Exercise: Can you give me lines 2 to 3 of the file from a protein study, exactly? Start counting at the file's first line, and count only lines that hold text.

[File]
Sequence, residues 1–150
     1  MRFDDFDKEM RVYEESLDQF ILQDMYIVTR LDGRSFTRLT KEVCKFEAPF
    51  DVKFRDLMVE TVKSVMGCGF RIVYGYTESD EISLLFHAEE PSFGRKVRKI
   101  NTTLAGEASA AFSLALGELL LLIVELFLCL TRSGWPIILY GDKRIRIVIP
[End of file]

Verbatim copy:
     1  MRFDDFDKEM RVYEESLDQF ILQDMYIVTR LDGRSFTRLT KEVCKFEAPF
    51  DVKFRDLMVE TVKSVMGCGF RIVYGYTESD EISLLFHAEE PSFGRKVRKI